Brady Valgardson, drums — Lund effectively amplifies those themes and
fires up the crowds. It’s little wonder that the Vegas Seven noted,
“Like Willie Nelson before them, they bring out the shit-kickers and
hipsters in equal measure.”
With nine studio albums under his belt,
multiple CCMA, Juno, and international award nomination and wins, Lund
is well recognized as a musical force to be reckoned with. His seventh
album, Cabin Fever, debuted at #1 on the Billboard Canadian Charts; he
has three gold records; and his latest release, Things That Can’t Be
Undone, cemented his status as one of the best contemporary country
singer/songwriters working today. The press agrees: Rolling Stone
declared him one of the “10 New Country Artists You Need to Know” and
NPR remarked, “The album is a high mark of a long career.”
Rolling Stone Country said of Things That
Can’t Be Undone that it “finds Lund flirting in fresh sonic waters,
while still keeping his sardonic mix of eerie lyrics and deceptively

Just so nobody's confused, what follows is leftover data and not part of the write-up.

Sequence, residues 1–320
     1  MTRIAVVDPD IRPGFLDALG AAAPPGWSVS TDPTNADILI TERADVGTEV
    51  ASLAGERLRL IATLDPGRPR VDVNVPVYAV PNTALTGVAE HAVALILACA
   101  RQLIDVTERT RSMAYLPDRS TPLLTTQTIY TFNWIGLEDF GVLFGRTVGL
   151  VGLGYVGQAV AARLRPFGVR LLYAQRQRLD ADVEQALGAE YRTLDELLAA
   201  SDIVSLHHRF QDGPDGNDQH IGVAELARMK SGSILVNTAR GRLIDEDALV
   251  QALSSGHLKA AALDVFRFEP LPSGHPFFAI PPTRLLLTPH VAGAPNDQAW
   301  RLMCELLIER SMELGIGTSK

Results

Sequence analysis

joyful vamps well intact.” For its part, PopMatters proclaimed, “Things
That Can’t Be Undone furthers the case for Corb Lund as one of the best
contemporary country songwriters.”
The CCJ at RARWRITER provides a steady stream of news
feeds from a variety of sources. Use this link to visit the
Music News page.
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It is a
testament to the Christmas season that the holiday touches the
heart of people of all faiths. It has everything going for it,
from flash to cozy sentimentality. And then there are the gifts,
but most of all there is the music! This holiday has inspired
music since 21 AD, when "Angels" became a big hit.
That Christmas has universal
appeal on many levels, it should hardly be surprising that much
of the music that represent the classics of the genre was
written by wonderful Jewish composers. Here is a list compiled
by Steve Kurtz, a producer for the Fox News Channel, who listed
his top Christmas songs written by Jewish writers:
10. “We Need a Little Christmas” (1966)
It’s from the Broadway musical “Mame,” with a
score by Jerry Herman. The original production closed in 1970,
but the song has become a perennial.
9. “The Christmas Song” (1945)
By Mel Torme and Bob Wells, this generically
titled number is perhaps better known for its opening line that
begins “Chestnuts roasting on an open fire….” Though Torme was a